can often be substantiated and documented. Paragraphs 13 and 14 below specify the requirements
that the client will follow when traditional or customary lands are under use in a manner described in
this paragraph.

13. If the client proposes to locate the project on, or commercially develop natural resources located
within, traditional or customary lands under use, and adverse impacts 3 can be expected on the
livelihoods, or cultural, ceremonial, or spiritual use that define the identity and community of the
Indigenous Peoples, the client will respect their use by taking the following steps:

§ The client will document its efforts to avoid or at least minimize the size of land
proposed for the project

Such adverse impacts may include impacts from loss of access to assets or resources, or restrictions on land
use, resulting from project activities.

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Performance Standard 7
Indigenous Peoples
April 30, 2006

§ The Indigenous Peoples’ land use will be documented by experts in collaboration

with the affected communities of Indigenous Peoples without prejudicing any
Indigenous Peoples’ land claim 4
§ The affected communities of Indigenous People will be informed of their rights with
respect to these lands under national laws, including any national law recognizing
customary rights or use
§ The client will offer affected communities of Indigenous Peoples at least
compensation and due process available to those with full legal title to land in the
case of commercial development of their land under national laws, together with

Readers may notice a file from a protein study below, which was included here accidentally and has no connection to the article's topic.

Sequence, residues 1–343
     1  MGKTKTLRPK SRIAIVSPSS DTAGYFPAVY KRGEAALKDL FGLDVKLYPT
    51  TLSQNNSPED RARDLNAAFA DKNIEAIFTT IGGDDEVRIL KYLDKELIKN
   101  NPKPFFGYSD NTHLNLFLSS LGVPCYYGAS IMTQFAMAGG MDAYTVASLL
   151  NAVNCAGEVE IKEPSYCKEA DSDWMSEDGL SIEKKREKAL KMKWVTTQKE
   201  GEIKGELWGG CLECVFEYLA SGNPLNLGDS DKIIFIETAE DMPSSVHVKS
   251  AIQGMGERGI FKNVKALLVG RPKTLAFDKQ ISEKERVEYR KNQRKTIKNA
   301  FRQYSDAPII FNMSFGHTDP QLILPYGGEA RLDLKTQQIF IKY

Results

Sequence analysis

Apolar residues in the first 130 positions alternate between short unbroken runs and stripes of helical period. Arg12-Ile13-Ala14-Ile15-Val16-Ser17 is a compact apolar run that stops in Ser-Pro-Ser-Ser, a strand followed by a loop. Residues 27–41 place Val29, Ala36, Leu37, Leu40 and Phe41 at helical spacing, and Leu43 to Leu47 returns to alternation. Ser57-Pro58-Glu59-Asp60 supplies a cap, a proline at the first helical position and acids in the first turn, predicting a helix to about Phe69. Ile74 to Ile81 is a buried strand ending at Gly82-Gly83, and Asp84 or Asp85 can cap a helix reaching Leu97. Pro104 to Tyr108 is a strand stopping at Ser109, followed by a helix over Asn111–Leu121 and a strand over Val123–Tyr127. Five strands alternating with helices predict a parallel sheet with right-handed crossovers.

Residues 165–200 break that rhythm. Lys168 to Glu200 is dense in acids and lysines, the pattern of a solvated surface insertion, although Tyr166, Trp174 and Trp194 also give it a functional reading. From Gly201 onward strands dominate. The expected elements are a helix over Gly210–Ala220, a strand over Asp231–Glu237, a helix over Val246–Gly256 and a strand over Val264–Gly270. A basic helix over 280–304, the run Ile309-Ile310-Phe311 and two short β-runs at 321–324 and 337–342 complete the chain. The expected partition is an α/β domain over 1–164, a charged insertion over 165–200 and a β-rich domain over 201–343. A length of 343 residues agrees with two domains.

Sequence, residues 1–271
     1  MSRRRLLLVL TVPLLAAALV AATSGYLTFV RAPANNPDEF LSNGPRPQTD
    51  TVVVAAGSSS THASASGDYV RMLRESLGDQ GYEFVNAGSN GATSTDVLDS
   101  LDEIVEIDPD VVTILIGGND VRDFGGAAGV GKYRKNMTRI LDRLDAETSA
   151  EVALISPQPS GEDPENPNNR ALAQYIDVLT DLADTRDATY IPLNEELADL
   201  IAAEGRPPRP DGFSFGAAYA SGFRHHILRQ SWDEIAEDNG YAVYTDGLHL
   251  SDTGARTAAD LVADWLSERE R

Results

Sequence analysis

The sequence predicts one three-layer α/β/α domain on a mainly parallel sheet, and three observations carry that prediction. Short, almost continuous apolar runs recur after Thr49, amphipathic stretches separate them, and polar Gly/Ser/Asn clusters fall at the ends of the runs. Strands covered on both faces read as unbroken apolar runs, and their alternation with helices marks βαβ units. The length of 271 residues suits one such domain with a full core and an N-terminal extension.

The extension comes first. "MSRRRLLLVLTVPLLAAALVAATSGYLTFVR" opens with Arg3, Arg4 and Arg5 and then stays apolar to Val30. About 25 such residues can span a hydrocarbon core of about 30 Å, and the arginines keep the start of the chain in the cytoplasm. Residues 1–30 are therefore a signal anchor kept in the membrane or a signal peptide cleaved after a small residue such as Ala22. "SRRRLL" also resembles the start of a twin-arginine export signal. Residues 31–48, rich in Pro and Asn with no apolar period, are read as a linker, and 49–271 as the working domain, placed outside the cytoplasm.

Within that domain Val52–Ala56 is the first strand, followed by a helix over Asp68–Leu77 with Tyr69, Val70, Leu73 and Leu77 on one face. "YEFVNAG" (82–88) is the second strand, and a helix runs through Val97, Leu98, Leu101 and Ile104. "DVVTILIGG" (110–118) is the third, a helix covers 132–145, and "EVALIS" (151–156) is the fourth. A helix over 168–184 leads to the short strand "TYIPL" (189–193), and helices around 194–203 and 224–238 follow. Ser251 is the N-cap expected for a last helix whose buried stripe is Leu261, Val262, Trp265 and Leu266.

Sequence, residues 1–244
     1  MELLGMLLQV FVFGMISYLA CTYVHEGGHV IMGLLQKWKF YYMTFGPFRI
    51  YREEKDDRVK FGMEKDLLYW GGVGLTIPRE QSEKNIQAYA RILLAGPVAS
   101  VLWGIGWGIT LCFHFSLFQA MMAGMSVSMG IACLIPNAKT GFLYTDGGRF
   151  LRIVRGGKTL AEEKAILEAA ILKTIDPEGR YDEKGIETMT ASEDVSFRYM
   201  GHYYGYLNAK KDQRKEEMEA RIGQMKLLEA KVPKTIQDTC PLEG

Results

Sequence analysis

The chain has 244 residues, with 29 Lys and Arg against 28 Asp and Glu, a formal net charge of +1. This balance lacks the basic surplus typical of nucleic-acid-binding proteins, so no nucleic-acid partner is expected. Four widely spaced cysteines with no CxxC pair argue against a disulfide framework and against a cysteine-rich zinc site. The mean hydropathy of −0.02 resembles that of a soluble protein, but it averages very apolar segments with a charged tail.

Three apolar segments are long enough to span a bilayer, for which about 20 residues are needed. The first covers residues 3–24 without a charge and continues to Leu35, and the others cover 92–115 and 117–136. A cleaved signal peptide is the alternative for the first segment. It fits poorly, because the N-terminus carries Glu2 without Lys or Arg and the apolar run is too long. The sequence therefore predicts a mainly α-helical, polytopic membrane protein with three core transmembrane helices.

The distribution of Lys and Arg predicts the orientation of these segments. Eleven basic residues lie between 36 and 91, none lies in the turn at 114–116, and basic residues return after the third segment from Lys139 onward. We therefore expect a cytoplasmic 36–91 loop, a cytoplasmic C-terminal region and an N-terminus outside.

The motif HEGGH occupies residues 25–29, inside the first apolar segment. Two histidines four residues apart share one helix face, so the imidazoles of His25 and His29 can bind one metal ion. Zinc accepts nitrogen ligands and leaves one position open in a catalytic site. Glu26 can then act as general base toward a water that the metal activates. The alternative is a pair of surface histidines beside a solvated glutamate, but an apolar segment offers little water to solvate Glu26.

culturally appropriate development opportunities; land-based compensation or
compensation-in-kind will be offered in lieu of cash compensation where feasible
§ The client will enter into good faith negotiation with the affected communities of
Indigenous Peoples , and document their informed participation and the successful
outcome of the negotiation

Relocation of Indigenous Peoples from Traditional or Customary Lands

14. The client will consider feasible alternative project designs to avoid the relocation of Indigenous
Peoples from their communally held5 traditional or customary lands under use. If such relocation is
unavoidable, the client will not proceed with the project unless it enters into a good faith negotiation
with the affected communities of Indigenous Peoples , and documents their informed participation and
the successful outcome of the negotiation. Any relocation of Indigenous Peoples will be consistent
with the Resettlement Planning and Implementation requirements of Performance Standard 5.
Where feasible, the relocated Indigenous Peoples should be able to return to their traditional or
customary lands, should the reason for their relocation cease to exist.

Cultural Resources
15. Where a project proposes to use the cultural resources, knowledge, innovations, or practices of
Indigenous Peoples for commercial purposes, the client will inform the Indigenous Peoples of: (i)
their rights under national law; (ii) the scope and nature of the proposed commercial development;
and (iii) the potential consequences of such development. The client will not proceed with such
commercialization unless it: (i) enters into a good faith negotiation with the affected communities of
Indigenous People; (ii) documents their informed participation and the successful outcome of the
negotiation; and (iii) provides for fair and equitable sharing of benefits from commercialization of such
knowledge, innovation, or practice, consistent with their customs and traditions.

While this Performance Standard requires substantiation and documentation of the use of such land, clients
should also be aware that the land may already be under alternative use, as designated by the host government.
Where members of the affected communities of Indigenous Peoples individually hold legal title, or where the
relevant national law recognizes customary rights for individuals, the requirements of Performance Standard 5 will
apply, rather than the requirements under this heading.